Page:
A Guide to Buying Industrial Metalworking Supplies

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A Guide to Buying Industrial Metalworking Supplies

The need for, and use of, industrial metalworking supplies is not limited to metalworking industries alone, with a number of individuals requiring the same, either to undertake do-it-yourself projects, or to create some kind of artwork. In its industrial avatar, metalworking lends support to various industries, from jewellery making to automobile manufacturing to infrastructure development. Since the metalworking industry continues to grow, the demand for metalworking supplies is also on the rise, and the good thing is there is no slowdown in supply.

When it comes to buying industrial metalworking supplies, while buyers do have the age old option of turning to brick-and-mortar suppliers, they also have the option to turn online, where websites like eBay present buyers with multiple options. However, before buying any metalworking supplies, it is suggested that buyers find out about the different alternatives on offer simply because buyers have various options to choose from when it comes to buying metalworking supplies like sheet metal, bars, rods, tubing, metalworking fluids, and abrasives.

Sheet Metal

Sheet metal is easily among the most commonly sought after industrial metalworking supply because it serves as a base for a variety of finished products. Sheet metal is nothing but metal shaped into thin, flat sheets, and these sheets serve as raw material that can be bent and cut into various shapes.

Sheet Metal Thickness

Sheet metal comes in varying thicknesses, and sheet metal thickness is typically expressed in gauges. There are in excess of 30 gauges from which buyers can choose when it comes to buying sheet metal, and for a majority of the materials used in making sheet metal, the thickness increases as the gauge value decreases. In addition, buyers should know that gauge measurements are known to vary for different metals, and while the thickness of ferrous metals is illustrated in gauges, the same is not necessarily the case with non-ferrous metals. The table below shows how gauges for different materials vary when used for making sheet metal.


Steel (mm)

Stainless Steel (mm)

Aluminium (mm)

















The use of steel for making sheet metal plates is quite common, which includes galvanised steel and stainless steel. Sheet metal is also made using materials like copper, zinc, titanium, bronze, silver, aluminium, tin, nickel, and even gold.

Bars, Tubing, and Rods

A variety of bars, tubing, and rods are also required in the metalworking industry, and as with sheet metal, these can be made using different materials. When it comes to bars, commonly used materials include steel, bronze, silver, titanium, and iron; rods can be made using materials like steel, bronze, copper, and silver; and common materials used for making tubing include copper, steel, iron, silver, and zinc. Since the diameters and lengths of these bars, tubing, and rods can vary significantly, knowing just what is required and what to look for is highly recommended.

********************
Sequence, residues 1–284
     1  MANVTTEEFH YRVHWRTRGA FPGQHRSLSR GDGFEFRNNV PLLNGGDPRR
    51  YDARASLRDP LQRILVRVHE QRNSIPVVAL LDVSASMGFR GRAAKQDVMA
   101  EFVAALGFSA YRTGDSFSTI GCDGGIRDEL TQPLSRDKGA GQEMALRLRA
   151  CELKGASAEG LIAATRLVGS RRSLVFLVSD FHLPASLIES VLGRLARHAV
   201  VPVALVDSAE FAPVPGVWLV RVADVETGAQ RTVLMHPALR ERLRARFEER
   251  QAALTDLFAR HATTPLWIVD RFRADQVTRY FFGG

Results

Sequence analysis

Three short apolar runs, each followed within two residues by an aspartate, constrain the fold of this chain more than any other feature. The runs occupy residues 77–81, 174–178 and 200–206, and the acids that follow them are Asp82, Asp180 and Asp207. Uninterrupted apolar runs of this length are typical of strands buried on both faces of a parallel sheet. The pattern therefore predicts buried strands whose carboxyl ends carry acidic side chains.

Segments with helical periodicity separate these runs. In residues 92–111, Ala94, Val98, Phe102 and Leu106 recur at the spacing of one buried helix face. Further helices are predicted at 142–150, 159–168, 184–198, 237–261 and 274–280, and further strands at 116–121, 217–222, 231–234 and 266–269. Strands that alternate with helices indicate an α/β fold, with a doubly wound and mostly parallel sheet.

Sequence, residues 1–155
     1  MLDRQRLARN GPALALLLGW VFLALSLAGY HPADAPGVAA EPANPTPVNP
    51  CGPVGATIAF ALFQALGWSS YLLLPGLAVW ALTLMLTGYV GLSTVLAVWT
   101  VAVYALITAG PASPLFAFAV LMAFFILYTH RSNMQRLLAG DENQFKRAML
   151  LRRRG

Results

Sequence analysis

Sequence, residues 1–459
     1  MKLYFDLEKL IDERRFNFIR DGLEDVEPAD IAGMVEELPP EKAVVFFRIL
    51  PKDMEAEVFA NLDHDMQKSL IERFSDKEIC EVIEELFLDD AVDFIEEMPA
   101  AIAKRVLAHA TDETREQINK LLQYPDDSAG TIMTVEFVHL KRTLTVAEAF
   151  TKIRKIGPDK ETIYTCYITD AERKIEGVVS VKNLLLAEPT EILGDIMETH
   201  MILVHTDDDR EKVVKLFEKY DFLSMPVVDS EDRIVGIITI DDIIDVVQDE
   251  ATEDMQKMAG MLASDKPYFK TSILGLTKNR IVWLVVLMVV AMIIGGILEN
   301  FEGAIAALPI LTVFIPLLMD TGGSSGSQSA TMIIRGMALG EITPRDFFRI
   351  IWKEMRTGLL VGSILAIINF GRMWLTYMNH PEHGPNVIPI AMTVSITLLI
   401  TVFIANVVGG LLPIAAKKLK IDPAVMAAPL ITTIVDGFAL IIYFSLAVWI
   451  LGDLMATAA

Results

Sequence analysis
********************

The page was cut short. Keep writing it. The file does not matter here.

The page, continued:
Metalworking Fluids

Metalworking fluids, or MWFs, also commonly referred to as coolants, are typically used to facilitate the metalworking process, in which these fluids help minimise heat generation, minimise wear and tear of machines and tools, and they can also help provide better finishes. These fluids also aid is washing away chipped particles, and they inhibit oxidation and corrosion.

Types of Metalworking Fluids

Buyers have various options to choose from when buying MWFs, and these comprise of simple oils like petroleum compositions as well as water-based solutions that comprise of synthetic and semi-synthetic alternatives and water soluble oils. In all, MWFs can be classified under four types, and these include synthetic fluids, semi-synthetic fluids, water soluble oils, and non-dilutable straight oils. MWFs can also come in the form of complex mixtures, comprising of additives like biocides, buffers, anti-weld agents, emulsifiers, and corrosion inhibitors. Some MWFs come with extreme-pressure additives, and these include phosphorised, sulphurised, or chlorinated substances. In addition, buyers also have the option to look for variants that come with polymer-based high performance extreme-pressure additives.

Selecting the Right Kind of Metalworking Fluid

The use of MWFs becomes complex owing to the contamination factor with other materials used in the fabrication process, and these can include metal particulate, fluids, and oils. Also, water-based MWFs can support the growth of microbes, which can lead to biological contaminants entering the fray. As a result, selecting the right kind of MWF becomes very important. The requirement for MWFs should ideally be dictated by the material that is to be worked upon, the process that is to be employed, the tools and machinery being used, as well as the desired quality. Factors, such as chemical restrictions, water quality, and the filtration type, can also have a bearing on the kind of MWF to use. While MWFs help in extending tool life and delivering higher production rates, the fact remains that certain materials don't really require MWFs, and certain alloys may require no more than a little tapping fluid.